Statement by HG Bishop Angaelos in response to the European Court of Human Rights ruling in the case of Nadia Eweida v. The United Kingdom
The recent ruling by the European Court of Human Rights on 15 January 2013 in favour of Nadia Eweida, a British Airways employee and Egyptian Christian who was disallowed from wearing a cross to work, signifies the importance of the religious rights and freedoms of individuals within the United Kingdom and European Union.
Having found her employer in contravention of article 9 of the European Convention of Human Rights, the Court honoured the rights and freedoms of Nadia Eweida to manifest her religious beliefs, indicating that a person’s faith should be a matter of private choice.
While thankful to the European Court for its positive involvement on this occasion, we also ask that Her Majesty’s Government and the judicial system within the United Kingdom continue upholding the same principles based on this ruling. It is of course unfortunate that this case needed to be referred to the European Court; had the judicial system within the United Kingdom dealt it in the same manner, it would have given a clear message that there is a clear regard for faith and religious practice. It would also have spared much wasted time, effort and expense over years that could have been put to much greater use in numerous directions.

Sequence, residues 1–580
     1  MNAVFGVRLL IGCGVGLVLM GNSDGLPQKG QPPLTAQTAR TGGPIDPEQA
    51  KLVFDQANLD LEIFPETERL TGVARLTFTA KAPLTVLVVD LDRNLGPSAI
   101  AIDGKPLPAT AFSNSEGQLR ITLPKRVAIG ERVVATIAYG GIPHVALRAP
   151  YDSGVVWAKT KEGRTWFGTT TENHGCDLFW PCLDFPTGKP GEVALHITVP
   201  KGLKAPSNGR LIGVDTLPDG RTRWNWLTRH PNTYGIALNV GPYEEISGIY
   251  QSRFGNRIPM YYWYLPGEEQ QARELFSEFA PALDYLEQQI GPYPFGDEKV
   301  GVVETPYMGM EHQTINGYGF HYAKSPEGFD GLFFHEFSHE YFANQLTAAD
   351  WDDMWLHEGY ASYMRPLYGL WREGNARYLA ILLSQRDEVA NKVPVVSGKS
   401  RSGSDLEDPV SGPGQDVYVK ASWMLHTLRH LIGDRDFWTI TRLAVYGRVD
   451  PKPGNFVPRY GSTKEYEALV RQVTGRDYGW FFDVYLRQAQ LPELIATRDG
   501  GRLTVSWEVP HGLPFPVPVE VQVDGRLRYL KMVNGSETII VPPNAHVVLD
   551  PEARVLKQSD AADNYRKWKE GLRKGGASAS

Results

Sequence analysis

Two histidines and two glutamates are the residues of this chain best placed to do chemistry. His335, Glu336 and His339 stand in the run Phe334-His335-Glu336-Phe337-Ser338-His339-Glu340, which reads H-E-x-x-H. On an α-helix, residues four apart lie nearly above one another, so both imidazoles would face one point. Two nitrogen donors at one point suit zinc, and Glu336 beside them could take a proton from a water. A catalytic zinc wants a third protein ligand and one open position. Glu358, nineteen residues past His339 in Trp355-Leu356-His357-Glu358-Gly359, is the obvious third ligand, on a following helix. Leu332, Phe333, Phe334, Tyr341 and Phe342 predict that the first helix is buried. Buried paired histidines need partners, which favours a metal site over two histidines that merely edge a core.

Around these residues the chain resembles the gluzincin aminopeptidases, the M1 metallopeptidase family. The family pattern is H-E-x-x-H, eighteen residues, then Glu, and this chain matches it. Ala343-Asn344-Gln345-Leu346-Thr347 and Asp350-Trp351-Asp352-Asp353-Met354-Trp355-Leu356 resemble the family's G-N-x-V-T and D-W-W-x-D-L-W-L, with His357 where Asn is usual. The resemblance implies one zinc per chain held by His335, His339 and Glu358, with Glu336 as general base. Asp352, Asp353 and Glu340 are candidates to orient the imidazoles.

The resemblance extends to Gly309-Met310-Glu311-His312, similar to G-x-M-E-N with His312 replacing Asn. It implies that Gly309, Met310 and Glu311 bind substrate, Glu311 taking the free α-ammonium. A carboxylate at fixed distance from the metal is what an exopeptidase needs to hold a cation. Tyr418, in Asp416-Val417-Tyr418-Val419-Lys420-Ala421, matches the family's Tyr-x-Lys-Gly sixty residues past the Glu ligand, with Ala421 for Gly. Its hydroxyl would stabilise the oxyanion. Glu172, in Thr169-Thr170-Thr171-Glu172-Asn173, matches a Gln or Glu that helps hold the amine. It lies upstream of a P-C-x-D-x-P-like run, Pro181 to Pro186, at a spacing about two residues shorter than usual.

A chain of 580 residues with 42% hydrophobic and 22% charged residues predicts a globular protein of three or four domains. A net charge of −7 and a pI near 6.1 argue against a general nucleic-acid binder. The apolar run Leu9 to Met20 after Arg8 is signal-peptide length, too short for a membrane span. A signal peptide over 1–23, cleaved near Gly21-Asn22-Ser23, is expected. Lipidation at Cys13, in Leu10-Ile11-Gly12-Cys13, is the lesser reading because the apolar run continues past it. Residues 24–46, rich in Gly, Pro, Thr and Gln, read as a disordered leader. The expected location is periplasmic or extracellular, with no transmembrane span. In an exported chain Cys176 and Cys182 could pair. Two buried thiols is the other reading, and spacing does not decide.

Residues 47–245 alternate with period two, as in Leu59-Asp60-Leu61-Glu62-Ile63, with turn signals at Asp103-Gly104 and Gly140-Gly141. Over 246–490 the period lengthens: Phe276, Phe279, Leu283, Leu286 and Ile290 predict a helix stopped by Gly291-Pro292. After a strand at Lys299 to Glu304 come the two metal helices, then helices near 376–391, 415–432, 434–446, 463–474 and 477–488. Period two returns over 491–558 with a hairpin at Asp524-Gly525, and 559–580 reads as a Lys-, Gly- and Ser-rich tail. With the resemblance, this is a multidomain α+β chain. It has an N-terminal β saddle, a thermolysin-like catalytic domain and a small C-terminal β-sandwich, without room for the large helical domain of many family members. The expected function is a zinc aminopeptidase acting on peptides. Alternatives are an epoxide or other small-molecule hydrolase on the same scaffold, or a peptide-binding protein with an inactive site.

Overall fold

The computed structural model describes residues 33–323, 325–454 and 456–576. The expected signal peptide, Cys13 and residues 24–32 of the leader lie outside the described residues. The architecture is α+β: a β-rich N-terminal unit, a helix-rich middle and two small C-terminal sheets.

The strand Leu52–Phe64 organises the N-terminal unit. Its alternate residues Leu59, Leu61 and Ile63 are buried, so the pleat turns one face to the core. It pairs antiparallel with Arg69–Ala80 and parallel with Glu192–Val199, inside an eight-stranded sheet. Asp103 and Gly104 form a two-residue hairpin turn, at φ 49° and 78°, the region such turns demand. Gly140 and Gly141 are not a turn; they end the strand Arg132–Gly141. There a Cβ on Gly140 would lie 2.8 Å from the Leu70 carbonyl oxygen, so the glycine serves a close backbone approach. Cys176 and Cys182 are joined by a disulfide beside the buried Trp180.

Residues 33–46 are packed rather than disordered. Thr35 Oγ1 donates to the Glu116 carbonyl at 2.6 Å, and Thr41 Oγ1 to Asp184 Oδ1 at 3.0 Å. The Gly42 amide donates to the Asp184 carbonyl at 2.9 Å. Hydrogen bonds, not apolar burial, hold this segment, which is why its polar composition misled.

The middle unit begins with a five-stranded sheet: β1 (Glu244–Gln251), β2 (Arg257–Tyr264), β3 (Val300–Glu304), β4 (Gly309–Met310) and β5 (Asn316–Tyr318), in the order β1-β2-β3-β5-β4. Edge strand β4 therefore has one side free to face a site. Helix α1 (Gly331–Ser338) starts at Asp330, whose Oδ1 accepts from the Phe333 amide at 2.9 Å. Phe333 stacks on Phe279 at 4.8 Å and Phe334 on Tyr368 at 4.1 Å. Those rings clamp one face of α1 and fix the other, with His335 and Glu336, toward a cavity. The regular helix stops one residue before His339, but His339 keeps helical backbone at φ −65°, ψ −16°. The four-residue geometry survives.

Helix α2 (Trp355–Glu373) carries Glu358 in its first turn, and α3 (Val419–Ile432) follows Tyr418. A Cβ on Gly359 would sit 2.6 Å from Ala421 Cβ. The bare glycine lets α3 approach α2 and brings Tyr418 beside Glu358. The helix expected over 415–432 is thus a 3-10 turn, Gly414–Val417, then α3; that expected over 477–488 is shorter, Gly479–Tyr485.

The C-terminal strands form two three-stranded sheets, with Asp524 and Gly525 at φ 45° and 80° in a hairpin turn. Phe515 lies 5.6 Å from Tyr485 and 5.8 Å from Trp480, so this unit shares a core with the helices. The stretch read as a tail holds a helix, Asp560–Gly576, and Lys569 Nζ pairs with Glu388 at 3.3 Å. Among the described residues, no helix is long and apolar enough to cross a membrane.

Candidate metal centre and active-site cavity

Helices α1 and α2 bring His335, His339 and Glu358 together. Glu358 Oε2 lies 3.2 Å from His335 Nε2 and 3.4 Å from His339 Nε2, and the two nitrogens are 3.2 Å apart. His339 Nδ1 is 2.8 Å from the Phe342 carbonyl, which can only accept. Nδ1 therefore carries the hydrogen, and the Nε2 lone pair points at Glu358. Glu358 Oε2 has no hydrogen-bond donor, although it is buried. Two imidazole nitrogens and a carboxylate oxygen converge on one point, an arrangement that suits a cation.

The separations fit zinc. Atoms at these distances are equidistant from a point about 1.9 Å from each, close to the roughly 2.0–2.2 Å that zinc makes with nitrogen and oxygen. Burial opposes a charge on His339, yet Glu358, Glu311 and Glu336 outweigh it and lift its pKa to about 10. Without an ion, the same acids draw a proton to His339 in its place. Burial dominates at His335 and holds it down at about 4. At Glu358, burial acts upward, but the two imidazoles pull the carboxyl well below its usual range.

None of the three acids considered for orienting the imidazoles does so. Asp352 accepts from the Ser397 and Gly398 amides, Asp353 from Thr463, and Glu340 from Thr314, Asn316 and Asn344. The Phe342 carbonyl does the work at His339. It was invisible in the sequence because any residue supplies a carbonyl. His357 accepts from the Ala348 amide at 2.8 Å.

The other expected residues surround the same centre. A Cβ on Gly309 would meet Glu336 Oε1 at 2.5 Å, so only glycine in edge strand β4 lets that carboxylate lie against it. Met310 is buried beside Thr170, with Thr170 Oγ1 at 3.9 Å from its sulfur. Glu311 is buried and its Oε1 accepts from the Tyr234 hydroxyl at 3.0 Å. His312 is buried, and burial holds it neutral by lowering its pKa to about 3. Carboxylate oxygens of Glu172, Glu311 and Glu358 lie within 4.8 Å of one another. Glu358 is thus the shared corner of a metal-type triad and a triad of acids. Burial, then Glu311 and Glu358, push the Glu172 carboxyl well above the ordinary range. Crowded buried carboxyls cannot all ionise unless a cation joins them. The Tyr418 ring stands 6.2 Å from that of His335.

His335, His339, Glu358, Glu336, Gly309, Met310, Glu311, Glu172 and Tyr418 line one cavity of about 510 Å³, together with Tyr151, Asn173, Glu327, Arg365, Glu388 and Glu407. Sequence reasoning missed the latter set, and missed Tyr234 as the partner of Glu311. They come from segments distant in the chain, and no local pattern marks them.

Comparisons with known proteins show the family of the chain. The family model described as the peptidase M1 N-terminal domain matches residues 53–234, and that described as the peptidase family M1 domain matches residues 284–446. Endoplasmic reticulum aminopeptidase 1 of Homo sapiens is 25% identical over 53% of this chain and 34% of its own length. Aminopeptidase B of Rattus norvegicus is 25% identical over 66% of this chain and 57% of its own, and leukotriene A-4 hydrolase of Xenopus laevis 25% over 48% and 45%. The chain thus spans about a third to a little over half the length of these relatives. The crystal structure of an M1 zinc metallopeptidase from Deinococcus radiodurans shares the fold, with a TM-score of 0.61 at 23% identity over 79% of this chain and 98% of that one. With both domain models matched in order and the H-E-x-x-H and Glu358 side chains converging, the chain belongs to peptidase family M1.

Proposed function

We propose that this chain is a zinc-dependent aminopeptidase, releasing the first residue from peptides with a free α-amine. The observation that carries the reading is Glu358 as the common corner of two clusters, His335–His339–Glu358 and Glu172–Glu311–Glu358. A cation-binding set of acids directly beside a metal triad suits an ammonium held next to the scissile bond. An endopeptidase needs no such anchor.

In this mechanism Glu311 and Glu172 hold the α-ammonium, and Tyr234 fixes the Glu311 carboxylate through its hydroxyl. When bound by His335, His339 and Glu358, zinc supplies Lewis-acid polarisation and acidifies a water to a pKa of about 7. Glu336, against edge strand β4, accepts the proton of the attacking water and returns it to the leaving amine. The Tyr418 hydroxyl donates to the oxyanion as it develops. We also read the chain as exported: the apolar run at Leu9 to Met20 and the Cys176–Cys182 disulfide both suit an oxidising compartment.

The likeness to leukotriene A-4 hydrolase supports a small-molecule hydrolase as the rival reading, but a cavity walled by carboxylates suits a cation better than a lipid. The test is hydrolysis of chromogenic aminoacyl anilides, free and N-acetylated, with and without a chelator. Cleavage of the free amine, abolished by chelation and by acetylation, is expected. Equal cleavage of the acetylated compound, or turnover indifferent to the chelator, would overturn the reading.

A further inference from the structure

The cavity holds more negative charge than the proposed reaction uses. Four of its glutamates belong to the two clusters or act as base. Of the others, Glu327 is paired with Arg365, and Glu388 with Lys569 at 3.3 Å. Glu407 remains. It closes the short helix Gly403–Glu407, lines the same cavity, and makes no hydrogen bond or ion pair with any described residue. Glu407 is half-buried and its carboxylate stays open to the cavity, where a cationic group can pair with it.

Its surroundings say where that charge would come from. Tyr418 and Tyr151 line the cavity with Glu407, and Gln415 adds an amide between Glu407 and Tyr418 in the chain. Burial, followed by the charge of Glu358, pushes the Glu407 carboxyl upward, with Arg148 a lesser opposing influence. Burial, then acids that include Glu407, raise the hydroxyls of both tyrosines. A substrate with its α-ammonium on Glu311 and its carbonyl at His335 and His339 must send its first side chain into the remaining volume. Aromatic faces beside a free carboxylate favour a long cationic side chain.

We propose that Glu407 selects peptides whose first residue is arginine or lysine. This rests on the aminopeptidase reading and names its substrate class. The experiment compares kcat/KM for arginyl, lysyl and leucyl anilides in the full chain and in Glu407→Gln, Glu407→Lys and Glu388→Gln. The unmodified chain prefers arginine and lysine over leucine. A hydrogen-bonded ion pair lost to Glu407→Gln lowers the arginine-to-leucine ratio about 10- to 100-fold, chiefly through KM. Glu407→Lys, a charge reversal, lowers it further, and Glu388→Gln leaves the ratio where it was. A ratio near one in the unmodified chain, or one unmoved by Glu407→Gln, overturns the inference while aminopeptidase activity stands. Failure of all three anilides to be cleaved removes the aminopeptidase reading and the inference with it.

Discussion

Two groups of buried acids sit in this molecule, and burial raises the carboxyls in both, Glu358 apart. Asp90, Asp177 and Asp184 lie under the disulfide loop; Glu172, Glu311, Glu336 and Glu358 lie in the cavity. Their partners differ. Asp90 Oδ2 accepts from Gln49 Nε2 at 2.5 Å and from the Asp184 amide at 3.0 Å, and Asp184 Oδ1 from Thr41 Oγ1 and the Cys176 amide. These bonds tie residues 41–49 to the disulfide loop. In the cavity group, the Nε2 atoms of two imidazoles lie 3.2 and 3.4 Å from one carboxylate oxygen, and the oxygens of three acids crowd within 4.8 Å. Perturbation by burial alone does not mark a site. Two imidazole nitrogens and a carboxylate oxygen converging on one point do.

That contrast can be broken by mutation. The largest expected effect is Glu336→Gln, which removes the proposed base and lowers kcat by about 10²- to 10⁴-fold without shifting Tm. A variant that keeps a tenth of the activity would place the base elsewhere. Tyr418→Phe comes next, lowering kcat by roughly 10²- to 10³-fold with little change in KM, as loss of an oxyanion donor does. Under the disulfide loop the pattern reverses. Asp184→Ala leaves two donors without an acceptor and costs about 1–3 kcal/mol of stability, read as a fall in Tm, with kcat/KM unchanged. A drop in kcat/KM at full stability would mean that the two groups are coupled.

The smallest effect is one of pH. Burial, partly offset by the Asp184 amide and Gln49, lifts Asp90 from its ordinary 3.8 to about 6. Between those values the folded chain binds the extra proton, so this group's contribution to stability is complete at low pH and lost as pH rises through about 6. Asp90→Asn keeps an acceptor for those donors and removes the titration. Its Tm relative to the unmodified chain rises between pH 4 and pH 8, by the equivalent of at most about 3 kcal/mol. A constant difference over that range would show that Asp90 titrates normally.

Following from this ruling, it is also encouraged that the private and public sectors within the United Kingdom likewise honour these principles, as human rights and civil liberties should not purely be considered for certain matters and public opinion and policy, and not others.
Having provided personal and pastoral support for Nadia throughout her courageous effort to seek justice over the past 6 years I, along with The Coptic Orthodox Church in the United Kingdom, have considered her case one of extreme importance, offering support in laying a precedent for people who may be placed in a similar predicament. Witnessing the many parts of the world in which the significant human rights of faith and belief are limited or even revoked, whether passively or aggressively, we hold fast to calling for these God-given rights to be upheld and protected in the United Kingdom.